A study covering 93 pregnant women with hepatitis E (36 anti-It EV positive and 57 HEV-RNA positive) infection was confirmed in a colostrum specimen. However, parameters were significantly lower compared to maternal blood (Chibber 2004). Some of the infants of mothers with acute infection also developed liver symptoms. There was no indication that transmission occurred via breast milk. The authors concluded that breast feeding is probably safe, but stress the need to confirm their results by other studies, and the possibility that close contact between mother and child may facilitate transmission.
Recommendation. There is no evidence yet that breastfeeding should be prohibited in cases of hepatitis E. However, experience is insufficient definitely to exclude any risk.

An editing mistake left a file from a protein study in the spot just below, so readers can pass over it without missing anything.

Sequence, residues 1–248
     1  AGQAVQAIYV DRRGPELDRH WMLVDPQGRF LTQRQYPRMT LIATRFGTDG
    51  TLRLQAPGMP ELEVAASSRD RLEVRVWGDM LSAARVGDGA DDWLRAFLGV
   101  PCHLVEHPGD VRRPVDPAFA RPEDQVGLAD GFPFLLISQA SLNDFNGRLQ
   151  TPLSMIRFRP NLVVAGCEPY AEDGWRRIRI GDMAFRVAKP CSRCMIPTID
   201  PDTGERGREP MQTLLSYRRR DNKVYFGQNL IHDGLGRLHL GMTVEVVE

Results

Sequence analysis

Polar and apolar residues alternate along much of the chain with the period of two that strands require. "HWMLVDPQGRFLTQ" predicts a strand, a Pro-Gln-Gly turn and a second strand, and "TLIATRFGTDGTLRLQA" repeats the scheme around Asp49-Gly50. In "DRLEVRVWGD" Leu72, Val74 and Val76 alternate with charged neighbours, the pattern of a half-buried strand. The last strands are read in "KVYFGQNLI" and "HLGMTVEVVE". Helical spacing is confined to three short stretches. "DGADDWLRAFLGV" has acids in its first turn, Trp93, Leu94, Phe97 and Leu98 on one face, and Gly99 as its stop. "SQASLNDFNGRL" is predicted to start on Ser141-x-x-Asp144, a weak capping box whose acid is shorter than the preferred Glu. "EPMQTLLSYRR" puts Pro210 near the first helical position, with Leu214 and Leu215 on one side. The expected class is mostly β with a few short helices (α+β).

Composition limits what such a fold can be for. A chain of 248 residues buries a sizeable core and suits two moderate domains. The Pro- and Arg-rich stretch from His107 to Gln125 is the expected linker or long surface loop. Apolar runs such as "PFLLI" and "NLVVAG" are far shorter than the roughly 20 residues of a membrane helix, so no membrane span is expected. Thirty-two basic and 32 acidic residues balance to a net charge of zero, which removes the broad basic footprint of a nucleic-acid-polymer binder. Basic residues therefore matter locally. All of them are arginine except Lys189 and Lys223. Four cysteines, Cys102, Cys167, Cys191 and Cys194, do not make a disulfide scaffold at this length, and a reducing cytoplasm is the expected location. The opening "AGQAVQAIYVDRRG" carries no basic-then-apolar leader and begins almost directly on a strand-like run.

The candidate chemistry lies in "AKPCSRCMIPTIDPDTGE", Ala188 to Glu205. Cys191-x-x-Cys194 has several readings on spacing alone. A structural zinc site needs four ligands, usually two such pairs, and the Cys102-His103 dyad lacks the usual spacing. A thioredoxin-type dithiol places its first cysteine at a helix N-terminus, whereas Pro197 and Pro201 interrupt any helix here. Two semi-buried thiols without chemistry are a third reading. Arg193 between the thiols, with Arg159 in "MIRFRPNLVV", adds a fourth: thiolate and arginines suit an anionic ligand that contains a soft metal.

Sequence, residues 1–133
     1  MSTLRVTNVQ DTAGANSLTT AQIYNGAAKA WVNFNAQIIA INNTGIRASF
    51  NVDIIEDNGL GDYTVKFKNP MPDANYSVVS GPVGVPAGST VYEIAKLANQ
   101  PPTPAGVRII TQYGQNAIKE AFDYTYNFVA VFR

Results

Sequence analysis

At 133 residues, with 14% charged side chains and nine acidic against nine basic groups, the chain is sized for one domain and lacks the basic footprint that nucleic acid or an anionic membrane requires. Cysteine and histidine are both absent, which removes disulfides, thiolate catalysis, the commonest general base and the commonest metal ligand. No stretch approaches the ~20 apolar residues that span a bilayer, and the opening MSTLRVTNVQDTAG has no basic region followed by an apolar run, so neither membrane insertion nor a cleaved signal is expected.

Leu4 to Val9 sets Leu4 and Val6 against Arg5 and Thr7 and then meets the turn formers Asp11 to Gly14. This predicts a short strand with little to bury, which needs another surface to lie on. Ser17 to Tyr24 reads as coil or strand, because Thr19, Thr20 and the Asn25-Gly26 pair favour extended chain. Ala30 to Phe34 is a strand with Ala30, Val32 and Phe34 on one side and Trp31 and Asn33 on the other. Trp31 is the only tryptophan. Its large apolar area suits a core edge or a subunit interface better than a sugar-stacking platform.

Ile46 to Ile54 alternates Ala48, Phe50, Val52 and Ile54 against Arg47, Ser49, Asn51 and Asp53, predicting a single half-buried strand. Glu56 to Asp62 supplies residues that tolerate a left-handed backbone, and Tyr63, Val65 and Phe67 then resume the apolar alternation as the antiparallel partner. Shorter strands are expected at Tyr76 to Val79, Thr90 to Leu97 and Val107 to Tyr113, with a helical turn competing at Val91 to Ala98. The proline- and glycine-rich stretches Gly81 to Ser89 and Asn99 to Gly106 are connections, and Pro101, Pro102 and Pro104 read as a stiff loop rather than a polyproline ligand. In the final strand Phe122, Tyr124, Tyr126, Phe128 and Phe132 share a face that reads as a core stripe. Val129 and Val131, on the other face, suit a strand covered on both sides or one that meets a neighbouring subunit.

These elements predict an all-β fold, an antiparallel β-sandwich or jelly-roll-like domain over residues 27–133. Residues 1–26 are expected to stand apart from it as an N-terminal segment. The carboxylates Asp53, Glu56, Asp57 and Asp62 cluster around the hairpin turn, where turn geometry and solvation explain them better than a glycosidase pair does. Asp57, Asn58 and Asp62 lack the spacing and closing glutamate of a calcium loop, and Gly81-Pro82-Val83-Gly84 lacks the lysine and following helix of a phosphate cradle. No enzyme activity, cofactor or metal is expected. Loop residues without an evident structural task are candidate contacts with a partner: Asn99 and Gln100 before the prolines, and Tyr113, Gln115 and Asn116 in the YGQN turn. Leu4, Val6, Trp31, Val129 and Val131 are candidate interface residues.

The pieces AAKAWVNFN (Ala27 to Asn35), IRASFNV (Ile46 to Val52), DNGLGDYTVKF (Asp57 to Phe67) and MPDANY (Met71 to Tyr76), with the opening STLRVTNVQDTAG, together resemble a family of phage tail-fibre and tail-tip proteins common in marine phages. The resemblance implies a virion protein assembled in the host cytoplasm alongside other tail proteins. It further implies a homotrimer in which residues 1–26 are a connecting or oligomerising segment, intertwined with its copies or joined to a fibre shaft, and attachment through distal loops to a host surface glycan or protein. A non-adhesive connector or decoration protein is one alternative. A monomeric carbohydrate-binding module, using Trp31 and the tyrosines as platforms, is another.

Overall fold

Was this article helpful?
For many years, scientists have been playing out the ingredients that make breast milk the perfect food for babies. They've discovered to day over 200 close compounds to fight infection, help the immune system mature, aid in digestion, and support brain growth - nature made properties that science simply cannot copy. The important long term benefits of breast feeding include reduced risk of asthma, allergies, obesity, and some forms of childhood cancer. The more that scientists continue to learn, the better breast milk looks.